The California Supreme Court's recent decision in Sheppard Mullin v. J-M Manufacturing has cast doubt on arbitration clauses in attorney engagement agreements, jeopardizing the efficient resolution of malpractice claims and fee disputes, say Sharon Ben-Shahar Mayer and Mark Drooks of Bird Marella Boxer Wolpert Nessim Drooks Lincenberg & Rhow PC.
Attorneys at Albert Einstein College of Medicine, Perkins Coie LLP and the Healthcare Association of New York State reflect on lessons they learned the hard way when transitioning to in-house counsel positions.
A rule recently introduced by the U.S. Department of Labor addressing the multiple employer provisions of President Donald Trump's executive order on retirement regulations would provide clarity for employers, but the changes are not without limits, says Deborah Hembree of Constangy Brooks Smith & Prophete LLP.
The virtual law team was created as a necessary response to mass tort litigation — however, with advances in technology and ever-increasing specialization of the legal practice, the model should be considered in multiplaintiff litigation of any size, say attorneys at Faegre Baker Daniels LLP.
Now that the midterms are over, business leaders have a little insight into the future of taxes, trade and other policy issues affecting the economy. Still, companies should remain agile as, come January, a new and divided Congress will begin to chart its course, says Mary Moore Hamrick of Grant Thornton LLP.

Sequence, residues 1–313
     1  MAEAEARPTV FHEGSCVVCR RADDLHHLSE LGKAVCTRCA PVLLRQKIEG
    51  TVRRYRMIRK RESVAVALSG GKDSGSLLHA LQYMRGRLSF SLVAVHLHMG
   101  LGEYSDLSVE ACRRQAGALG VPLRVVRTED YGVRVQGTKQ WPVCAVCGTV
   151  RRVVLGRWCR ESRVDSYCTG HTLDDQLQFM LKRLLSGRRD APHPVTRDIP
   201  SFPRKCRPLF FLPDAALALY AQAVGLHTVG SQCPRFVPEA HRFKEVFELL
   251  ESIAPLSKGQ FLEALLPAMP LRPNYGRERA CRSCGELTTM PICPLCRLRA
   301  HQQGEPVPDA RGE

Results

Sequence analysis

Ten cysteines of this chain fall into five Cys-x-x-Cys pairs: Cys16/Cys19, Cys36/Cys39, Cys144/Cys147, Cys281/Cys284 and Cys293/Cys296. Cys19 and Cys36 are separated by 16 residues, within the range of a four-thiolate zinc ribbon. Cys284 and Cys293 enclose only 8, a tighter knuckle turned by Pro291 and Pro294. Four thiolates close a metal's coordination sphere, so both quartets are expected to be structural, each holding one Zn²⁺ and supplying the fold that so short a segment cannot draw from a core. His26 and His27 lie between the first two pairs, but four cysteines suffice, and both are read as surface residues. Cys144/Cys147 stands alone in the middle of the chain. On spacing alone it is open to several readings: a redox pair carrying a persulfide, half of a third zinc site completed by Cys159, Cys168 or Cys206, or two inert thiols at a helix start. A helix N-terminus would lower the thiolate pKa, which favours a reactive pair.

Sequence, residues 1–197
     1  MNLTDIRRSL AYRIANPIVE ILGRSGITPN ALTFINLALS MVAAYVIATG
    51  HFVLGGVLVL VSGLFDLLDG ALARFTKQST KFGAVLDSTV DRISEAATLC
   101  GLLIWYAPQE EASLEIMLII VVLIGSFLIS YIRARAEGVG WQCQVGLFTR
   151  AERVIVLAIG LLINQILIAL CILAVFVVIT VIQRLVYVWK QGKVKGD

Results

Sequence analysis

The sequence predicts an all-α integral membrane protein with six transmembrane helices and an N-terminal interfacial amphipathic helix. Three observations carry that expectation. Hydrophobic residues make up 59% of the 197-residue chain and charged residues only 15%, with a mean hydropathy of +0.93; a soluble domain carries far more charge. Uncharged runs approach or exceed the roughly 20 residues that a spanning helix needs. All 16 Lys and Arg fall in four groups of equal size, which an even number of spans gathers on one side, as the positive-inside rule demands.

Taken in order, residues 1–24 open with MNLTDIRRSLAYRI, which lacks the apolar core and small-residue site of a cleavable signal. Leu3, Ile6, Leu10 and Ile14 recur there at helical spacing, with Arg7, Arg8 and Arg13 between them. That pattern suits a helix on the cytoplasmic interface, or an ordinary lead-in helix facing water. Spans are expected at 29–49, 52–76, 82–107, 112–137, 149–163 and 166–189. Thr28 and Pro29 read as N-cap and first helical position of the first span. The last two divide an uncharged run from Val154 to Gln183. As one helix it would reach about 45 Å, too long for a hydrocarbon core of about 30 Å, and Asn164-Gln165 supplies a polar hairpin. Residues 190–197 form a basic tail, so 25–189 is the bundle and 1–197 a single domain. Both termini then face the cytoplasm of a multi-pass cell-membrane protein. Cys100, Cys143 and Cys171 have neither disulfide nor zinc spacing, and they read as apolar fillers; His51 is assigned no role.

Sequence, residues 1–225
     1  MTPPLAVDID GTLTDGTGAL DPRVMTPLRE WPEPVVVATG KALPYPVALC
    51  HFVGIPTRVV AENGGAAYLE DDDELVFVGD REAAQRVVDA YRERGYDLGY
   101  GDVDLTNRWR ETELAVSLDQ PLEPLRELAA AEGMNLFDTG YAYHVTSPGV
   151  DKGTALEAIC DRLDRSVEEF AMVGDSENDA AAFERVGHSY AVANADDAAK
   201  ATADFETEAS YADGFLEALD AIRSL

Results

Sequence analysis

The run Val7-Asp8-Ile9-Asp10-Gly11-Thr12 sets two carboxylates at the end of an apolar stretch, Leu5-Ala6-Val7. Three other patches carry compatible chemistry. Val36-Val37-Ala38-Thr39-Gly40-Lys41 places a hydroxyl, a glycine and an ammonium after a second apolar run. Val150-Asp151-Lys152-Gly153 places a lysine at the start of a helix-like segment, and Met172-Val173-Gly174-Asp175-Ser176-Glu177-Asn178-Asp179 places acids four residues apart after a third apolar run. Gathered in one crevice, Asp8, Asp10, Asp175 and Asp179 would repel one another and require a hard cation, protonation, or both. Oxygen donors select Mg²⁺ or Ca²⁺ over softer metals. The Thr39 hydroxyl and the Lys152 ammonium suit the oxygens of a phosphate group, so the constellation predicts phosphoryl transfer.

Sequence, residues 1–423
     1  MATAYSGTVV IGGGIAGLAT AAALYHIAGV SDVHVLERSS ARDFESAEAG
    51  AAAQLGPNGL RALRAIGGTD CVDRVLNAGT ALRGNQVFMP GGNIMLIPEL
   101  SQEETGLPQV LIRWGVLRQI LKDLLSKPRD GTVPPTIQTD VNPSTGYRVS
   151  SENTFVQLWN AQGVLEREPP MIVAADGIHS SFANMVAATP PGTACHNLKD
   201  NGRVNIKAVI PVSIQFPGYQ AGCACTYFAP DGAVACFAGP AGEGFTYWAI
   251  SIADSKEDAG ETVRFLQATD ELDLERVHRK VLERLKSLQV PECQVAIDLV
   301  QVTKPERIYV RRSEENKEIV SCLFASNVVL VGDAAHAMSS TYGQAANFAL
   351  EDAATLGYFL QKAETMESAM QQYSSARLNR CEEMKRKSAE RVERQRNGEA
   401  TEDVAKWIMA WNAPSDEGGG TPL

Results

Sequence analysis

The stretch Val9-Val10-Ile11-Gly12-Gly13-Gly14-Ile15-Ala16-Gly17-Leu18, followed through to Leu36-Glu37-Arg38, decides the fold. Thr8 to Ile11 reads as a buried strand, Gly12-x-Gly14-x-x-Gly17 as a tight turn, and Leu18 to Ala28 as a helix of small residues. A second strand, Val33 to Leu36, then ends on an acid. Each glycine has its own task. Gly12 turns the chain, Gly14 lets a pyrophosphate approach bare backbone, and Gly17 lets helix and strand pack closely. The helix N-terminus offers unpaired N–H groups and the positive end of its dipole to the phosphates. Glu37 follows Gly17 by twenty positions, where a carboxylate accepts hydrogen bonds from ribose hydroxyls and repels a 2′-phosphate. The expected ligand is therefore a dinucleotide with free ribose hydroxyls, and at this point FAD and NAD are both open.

Depending on the U.S. Supreme Court’s eventual decision in PDR Network v. Carlton & Harris Chiropractic — a case involving junk faxes under the Telephone Consumer Protection Act — the outcome could have a profound impact on TCPA litigation nationwide, say David Gettings and Alan Wingfield of Troutman Sanders LLP.
U.S. Equal Employment Opportunity Commission v. IXL Learning — where in California federal court the EEOC unsuccessfully alleged a fired transgender employee suffered unlawful retaliation — is far from the first example of a Glassdoor review taking center stage in an employment-related lawsuit, and it certainly will not be the last, says Alexander Batoff of Obermayer Rebmann Maxwell & Hippel LLP.
Predicting how the cybersecurity landscape will develop is critical for any organization wanting to mitigate the risk of the inevitable future attack. Michael Hall of HighQ Solutions Ltd. discusses five threats to look out for in the next 12 months.
Class actions are often touted as a powerful mechanism for access to justice, but is this true when there is zero chance of recovery for class members? asks Mary Massaron, a partner at Plunkett Cooney PC and former president of Lawyers for Civil Justice.
Joshua Peck, incoming marketing director of Hill Wallack LLP, traces the evolution of the chief marketing officer position at law firms and shares insights from three legal marketing pioneers.